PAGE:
“[A] glowing gold tinge on the waters of the Pantai”: Conrad’s Challenge to the Narrative of Economic Success in Almayer’s Folly

Agnieszka Setecka

The exotic setting of Conrad’s Almayer’s Folly suggests the novel’s affinity to the adventure romance, a genre popular in the final decades of the nineteenth century. However, readers expecting a story of dangerous exploits in the remote lands (or seas) must be disappointed. As Andrea White showed in Joseph Conrad and the Adventure Tradition, Conrad challenges the romance convention by contrasting a life full of adventures, which can only be glimpsed from afar, with the protagonist’s mundane existence. The aim of my paper is to take White’s argument further, and to present Conrad’s first novel not only as a challenge to the late-Victorian romance tradition but also to any narrative of (economic) success which accompanied colonial ventures. Conrad exposes both the myth of the adventurer, whose luck coupled with daring enables him to find a treasure, and the myth of a self-made man, whose perseverance and hard work in the colonies ensure his financial success.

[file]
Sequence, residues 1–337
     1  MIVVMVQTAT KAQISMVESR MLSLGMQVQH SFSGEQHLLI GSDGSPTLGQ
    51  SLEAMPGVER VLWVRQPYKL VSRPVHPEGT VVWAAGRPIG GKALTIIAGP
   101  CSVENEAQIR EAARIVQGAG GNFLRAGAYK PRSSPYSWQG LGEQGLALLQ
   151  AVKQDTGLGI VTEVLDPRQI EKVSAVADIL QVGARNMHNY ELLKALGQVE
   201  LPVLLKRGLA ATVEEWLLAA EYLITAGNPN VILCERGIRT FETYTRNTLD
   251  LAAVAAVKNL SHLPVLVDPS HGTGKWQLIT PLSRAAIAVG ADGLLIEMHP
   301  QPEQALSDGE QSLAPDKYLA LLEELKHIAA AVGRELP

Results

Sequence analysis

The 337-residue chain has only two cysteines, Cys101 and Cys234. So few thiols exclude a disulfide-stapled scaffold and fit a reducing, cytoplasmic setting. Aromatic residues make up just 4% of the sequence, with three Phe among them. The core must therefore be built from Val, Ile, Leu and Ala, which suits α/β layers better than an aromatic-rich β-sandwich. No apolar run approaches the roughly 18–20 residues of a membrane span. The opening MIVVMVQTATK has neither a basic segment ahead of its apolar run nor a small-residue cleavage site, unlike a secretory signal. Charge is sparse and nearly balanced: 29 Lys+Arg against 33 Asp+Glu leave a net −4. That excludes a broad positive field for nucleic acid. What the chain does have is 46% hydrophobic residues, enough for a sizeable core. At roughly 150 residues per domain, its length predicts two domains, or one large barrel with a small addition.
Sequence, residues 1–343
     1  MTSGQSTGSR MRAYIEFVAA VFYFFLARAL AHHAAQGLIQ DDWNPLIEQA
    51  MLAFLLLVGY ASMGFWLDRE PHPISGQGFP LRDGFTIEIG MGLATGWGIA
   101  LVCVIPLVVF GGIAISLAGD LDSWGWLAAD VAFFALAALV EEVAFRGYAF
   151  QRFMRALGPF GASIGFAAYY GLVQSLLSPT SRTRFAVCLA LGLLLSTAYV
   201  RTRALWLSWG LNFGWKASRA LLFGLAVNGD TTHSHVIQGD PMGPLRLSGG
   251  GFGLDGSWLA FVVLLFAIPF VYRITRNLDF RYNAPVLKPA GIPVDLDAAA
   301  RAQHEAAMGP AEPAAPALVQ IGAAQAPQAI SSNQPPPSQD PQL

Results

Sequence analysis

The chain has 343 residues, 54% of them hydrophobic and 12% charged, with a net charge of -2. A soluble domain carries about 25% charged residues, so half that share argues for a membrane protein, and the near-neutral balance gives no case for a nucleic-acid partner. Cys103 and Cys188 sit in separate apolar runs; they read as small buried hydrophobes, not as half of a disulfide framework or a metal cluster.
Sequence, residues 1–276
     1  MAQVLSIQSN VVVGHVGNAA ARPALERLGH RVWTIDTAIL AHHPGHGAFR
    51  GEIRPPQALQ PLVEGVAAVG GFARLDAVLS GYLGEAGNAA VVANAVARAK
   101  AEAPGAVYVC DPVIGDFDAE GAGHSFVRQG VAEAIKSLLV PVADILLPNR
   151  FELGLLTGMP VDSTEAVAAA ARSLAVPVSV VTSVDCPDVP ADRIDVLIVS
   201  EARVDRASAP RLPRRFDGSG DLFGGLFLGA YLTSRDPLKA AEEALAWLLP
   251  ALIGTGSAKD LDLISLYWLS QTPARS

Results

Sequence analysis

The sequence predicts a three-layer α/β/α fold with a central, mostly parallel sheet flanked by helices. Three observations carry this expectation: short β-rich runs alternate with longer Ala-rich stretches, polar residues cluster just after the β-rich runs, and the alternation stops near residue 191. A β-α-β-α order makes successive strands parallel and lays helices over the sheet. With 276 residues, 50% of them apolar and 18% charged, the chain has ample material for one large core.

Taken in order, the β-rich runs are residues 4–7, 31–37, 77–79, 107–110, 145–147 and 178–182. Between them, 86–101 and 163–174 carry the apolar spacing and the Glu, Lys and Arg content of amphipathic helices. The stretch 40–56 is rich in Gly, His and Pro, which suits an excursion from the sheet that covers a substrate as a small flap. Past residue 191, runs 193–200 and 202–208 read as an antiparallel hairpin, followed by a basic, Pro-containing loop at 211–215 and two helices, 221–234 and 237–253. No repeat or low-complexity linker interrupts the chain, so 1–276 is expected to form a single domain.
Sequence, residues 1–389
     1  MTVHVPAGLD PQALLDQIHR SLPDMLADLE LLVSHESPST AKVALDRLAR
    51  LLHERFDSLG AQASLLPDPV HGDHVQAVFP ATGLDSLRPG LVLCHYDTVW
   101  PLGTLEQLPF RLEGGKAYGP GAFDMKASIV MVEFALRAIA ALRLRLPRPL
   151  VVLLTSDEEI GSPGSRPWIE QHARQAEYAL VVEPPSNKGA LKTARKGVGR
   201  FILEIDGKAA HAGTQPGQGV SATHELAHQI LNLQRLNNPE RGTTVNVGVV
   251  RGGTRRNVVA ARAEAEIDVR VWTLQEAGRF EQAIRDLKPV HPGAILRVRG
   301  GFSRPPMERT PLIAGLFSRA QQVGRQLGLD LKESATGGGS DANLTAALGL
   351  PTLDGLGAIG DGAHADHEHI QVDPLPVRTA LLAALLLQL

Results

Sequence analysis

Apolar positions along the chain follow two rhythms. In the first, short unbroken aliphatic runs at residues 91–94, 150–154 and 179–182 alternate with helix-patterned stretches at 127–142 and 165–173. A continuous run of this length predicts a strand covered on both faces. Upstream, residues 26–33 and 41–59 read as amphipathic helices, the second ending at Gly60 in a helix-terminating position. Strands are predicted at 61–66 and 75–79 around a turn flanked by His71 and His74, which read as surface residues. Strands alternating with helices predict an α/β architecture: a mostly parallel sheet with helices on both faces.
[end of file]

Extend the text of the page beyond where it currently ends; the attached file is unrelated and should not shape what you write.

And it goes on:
Słowa kluczowe: Almayer’s Folly, the imperial romance, Victorian realist conventions, self-made man, colonialism

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